They concluded, "color categorization in language and thought is partially biologically constrained and have implications for broader debate on how biology, culture, and communication interact in human cognition."
Some have argued that how terms categorize the continuum of color and how color lexicons evolve is biologically constrained; others have argued that color terms and their categories are culturally and linguistically constructed. Cognitive scientists from a broad range of disciplines (e.g., linguistics, neuroscience, vision science, anthropology, developmental science) have been working for decades to understand how color terms and their categories form.
- Skelton, A. E., G. Catchpole, et al. (2017). "Biological origins of color categorization." Proc Natl Acad Sci U S A 114(21): 5545-5550.
Home of the Daily Peace Challenge. Learn about world peace - one word and one language at a time. (c) Kimberly Burnham, 2020
Peace Dictionary, The Meaning of Peace and Calm in 4000 languages
Looking for grant money to complete my peace project
Kimberly Burnham, PhD (Integrative Medicine)
860-221-8510 phone and what's app. Skype: Kimberly Burnham (Spokane, Washington)
Author of Awakenings, Peace Dictionary, Language and the Mind, a Daily Brain Health and P as in Peace, Paix and Perdamiam: an Inner Peace Journal To Stimulate The Brain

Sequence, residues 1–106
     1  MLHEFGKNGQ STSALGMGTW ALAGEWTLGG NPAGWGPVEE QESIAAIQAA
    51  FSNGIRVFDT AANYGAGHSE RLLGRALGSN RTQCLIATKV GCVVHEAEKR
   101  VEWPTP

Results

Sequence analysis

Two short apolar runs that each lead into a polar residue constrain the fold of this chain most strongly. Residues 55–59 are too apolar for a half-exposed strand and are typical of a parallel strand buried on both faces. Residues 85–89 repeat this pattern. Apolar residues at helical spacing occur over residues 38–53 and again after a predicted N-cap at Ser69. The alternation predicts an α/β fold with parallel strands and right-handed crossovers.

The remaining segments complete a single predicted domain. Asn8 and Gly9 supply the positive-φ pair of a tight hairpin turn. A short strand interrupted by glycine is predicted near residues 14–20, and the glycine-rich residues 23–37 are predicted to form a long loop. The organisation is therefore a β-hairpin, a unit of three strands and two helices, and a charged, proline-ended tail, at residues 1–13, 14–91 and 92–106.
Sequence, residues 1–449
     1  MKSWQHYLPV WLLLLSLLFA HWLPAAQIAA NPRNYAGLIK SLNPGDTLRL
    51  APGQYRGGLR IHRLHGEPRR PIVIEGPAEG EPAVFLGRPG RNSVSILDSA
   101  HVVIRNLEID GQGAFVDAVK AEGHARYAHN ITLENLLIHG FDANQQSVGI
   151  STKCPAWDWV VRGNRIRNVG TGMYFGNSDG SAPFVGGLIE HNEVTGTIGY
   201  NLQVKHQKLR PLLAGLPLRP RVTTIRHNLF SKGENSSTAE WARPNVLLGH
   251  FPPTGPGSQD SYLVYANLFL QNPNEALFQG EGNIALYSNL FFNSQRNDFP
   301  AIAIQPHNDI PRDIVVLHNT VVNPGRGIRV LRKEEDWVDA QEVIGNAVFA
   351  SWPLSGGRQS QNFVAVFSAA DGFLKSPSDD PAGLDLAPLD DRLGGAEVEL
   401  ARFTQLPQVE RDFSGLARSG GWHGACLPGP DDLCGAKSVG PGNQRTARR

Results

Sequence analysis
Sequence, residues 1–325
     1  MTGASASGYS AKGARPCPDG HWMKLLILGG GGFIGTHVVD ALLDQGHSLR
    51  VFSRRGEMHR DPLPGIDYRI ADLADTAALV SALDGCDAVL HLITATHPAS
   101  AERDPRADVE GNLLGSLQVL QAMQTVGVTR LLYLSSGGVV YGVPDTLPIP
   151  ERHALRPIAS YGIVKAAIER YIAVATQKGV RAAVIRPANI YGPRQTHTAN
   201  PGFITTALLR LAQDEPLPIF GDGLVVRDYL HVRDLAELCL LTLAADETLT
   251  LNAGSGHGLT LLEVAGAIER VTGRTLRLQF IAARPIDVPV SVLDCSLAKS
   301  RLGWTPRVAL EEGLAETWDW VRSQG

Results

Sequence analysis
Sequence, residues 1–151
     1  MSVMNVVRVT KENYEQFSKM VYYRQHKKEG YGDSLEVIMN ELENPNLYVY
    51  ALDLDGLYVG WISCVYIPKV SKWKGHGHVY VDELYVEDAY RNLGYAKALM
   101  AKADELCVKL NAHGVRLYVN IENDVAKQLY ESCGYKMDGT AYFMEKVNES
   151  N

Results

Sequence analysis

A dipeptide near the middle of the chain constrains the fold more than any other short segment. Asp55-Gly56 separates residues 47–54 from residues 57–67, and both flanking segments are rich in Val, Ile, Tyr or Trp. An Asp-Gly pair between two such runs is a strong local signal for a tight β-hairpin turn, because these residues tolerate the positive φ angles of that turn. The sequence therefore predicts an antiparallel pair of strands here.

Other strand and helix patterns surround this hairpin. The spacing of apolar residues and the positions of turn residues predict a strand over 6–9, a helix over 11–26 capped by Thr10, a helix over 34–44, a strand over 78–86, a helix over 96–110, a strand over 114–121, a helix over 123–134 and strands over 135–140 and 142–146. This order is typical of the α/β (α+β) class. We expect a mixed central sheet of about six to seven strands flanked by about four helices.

imberly Burnham, The Nerve Whisperer, Brain Health Expert, Professional Health Coach for people with Alzheimer's disease, Memory Issues, Parkinson's disease, Chronic Pain, Huntington's Ataxia, Multiple Sclerosis, Keratoconus, Macular Degeneration, Diabetic Neuropathy, Traumatic Brain Injuries, Spinal Cord Injuries, Brain Health Coaching ... Contact Kimberly Burnham in Spokane Washington (860) 221-8510 NerveWhisperer@gmail.com.
Chat with Kimberly about Parkinson's, Poetry or other Brain related issues.
Not Taking Advantage of Your Amazon Author's page?
Kimberly Burnham helps authors get their books out into the world more broadly by improving their free Amazon Author's page and book pages, posting a book review on her blog and on her LinkedIn Pulse blog (over 12,000 followers) Promotion packages start at $50. Contact her at NerveWhisperer@gmail.com. See her Amazon Author's Page.
See her list of publications including her latest book of brain health meditations, Awakenings: Peace Dictionary, Language and the Mind, a Daily Brain Health Program.
Designed to enhance memory, creativity, and inner peace, Awakenings: Peace,Dictionary, Language and the Mind, a Daily Brain Health Program is available free of charge as a Kindle eBook on February 14-15, 2019. [Click Here].
Please share and write a review on Amazon.
I am looking for guest blog opportunities and a position as poet-in-residence. My current project is writing dictionary poems using words in different languages for the English word "peace." You can read some of my poems on Poemhunter .
As poet-in-residence I would write poems on different words in different languages and broadcast them throughout the social media blogosphere. Each poem would link back to your site where the word or language appeared.
I would expect some sort of stipend and a six month to one year placement. Please contact me for details if your organization is interested in having a poet-in-residence to help get your message out. Nervewhisperer@gmial.com
Buy the print or eBook, review Awakenings then contact Kimberly for a free 20 minute brain health consultation. Email or Phone
(Regular rates $120 per hour or 10 sessions for $650.)